Some lovers would attempt to rescue her from the anger.  (Sometime, infatuation liked to pose as love.)  These more ambitious ones would suffer the most, from her resistance, from the complexity of her constant devotion to truth.  And only when they, finally tired from it — or of it — raised their first objections, she flaunted all the moments of previous kindness in her self-defense.

How she hated herself for turning calculating, pitiful and shrill!  After those endings, she would have to find healing in closure that took more time; because self-forgiveness was harder to summon by someone who did onto others better, than she did onto herself.

But they all would remember her kindness at least, she told herself.  In the end, they all would.  And, again, perhaps, she was right.  But no one could ever survive the lack of self-love.

 

I could do this one, why not?  She’s kinda cute.  Hot, actually.  She’s hot, and that’s so much better anyway.  She’s not one of those gorgeous girls who thinks she’s outta my league.  Fuck those bitches!  They get too expensive, anyway.  But this one is not like that, man.  I wonder if she’s the type that doesn’t think she’s beautiful at all.  Which makes it even easier.

I should ask her out.  ‘Cause I could probably do this one, easily…  Hands down!

Okay, maybe not “easily”.  She called me “Patrick” last night.

My name is Dave.  

Shit, man!  Just look at her!  Leaning over the edge of the bar, so obviously flirting with Stan.  Stan is old, but he can get a girl nice ‘n’ liquored up, I guess.  I tolerate Stan.  And that’s as far as I go with people.

Stan is, like, seriously deprived of love.  His woman is a total bitch to him, you can tell by the way he cranes his neck whenever he talks to a broad.  Any broad.  Like a fuckin’ abused dog that expects to be hit between his eyes for chewing on her slipper, just ‘cause he just wanted to taste the sweat of her feet.  Stan’s woman must castrate him every day, for breathing too loudly or for not looking the part, or some shit.   And I bet she thinks she should be with someone better.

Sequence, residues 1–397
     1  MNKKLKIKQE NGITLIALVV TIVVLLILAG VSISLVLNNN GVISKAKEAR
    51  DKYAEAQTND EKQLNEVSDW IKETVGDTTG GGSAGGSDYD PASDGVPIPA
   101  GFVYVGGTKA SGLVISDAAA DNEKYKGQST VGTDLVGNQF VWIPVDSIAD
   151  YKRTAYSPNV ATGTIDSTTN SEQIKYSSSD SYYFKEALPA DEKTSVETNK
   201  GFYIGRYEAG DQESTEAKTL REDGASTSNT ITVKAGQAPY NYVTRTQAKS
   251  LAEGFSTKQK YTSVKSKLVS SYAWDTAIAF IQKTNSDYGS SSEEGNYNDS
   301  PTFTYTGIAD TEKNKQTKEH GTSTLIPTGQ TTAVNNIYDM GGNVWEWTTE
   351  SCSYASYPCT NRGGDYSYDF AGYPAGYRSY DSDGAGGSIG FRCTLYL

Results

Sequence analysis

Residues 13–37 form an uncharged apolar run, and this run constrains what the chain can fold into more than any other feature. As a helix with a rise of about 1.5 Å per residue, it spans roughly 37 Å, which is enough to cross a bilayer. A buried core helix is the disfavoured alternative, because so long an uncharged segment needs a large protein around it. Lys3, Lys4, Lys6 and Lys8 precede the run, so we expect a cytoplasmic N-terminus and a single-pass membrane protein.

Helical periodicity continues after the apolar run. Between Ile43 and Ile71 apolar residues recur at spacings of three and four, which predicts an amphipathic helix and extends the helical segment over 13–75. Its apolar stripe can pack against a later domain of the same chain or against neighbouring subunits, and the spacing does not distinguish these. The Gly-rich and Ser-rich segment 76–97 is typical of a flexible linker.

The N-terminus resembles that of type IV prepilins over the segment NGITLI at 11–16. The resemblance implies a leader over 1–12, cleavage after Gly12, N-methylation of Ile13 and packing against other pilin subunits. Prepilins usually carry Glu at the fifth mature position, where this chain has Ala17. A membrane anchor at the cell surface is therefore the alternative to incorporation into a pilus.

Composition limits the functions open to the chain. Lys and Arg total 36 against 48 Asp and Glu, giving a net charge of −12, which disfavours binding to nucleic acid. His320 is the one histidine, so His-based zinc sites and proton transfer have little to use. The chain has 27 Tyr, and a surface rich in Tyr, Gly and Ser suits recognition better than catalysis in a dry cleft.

Look at him!  Just look at him now!  God!  He’s shaking just ‘cause this girl is nice to him.  God…

I hate dogs!

Maybe Stan’s got a giant one.  Chicks always say that it’s not important.  But that’s just bull, if you ask me.  I’ve seen ‘em looking at me when there is no point of going back and I’m staring them in the face, erect but less than a handful.  Nerve-racking enough to shrink anyone.

“Ohm,” they say and look up at me with that face, as if I got them the wrong thing for Christmas.

I wonder if it’s those fuckin’ pills.  I told John, I’d rather be bald.  But then, his woman chimed in:  “Jenna”.

“I wouldn’t fuck Prince William, with that hair of his,” she said.

First of:  Who wants to date a chick called “Jenna”?!  Or “Trisha”?  “Trish”.  Sounds like a diner waitress with three grown children by another man, at home.

Anyway, “Jenna” has this habit of going out to our fridge, in the middle of a night, in nothing but John’s wife-beater.  She’s a bartender, comes over after her shift.  Drunk.  I hear them fuck.  I try to tune ‘em out, so I blast some ESPN, or fucking Transformers 3, I don’t care.  Whatev.  But it’s like this chick’s got police sirens for her moans.  And the really fucked-up thing is:  They really turn me on.  It’s like having a live porn sound-feed from across the hall.  So, I’ve started waiting for John to finish his first round; come out to the living-room, turn on the TV and I watch her, as she runs to the bathroom.  (Why do chicks always have to pee after sex?  Does urine kill sperm?  I fuckin’ hope so!)  But then, she comes out, all flushed and glossy from splashing water on her face and thighs; all the fattier places bouncing on her body.

“Jenna”.

…Frankly, I don’t like fat girls anyways.  Fuck ‘em!  I’d rather keep aiming high.  But the skinny ones are always meaner.

John told me “Jenna” likes big ones.  Makes her ears plug up, she says.  And she’s got this vein that pops out in the middle of her forehead.  Makes John worried she’ll hemorrhage to death on day, if he keeps winding up her sirens like this.  So yeah, it matters, he says.  Size matters.

“Jenna” lies to my face.  Says it’s all about the man’s hair:

“I’d rather fuck a bald guy than Prince William.”

So, these days, whenever she comes over, I watch TV with my cap on.  “Jenna” has these sick nails and she always paints them red; and she likes to rough out the top of a man’s head, then pull his face into her breasts and smother his silly grin with them.  But not me!  Not this guy!…

Ah, shit!  Just look at this one though!  She’s still talking Stan up and I can see that jittery part of her thighs from the way she hangs on the bar.  This one is hot.  Kinda like “Jenna”.  That’s the problem.

And I can tell she is not like one of those chicks back in college who liked to brag about sex all the time and confuse the attention they aroused — for being liked.  Those chicks had seriously low self-esteem.  But this one doesn’t talk sex.  She moves sex.   And we are all deprived.

I blame our mothers.

(To Be Continued.)

“Wait in Line, ‘Till Your Time. Ticking Clock. Everyone: STOP!”

Okay.  I cannot do the electronic check-in for my overseas flight.  I find that hard to believe.  But then again, it’s been at least sixteen years since I have left the country, so what do I know?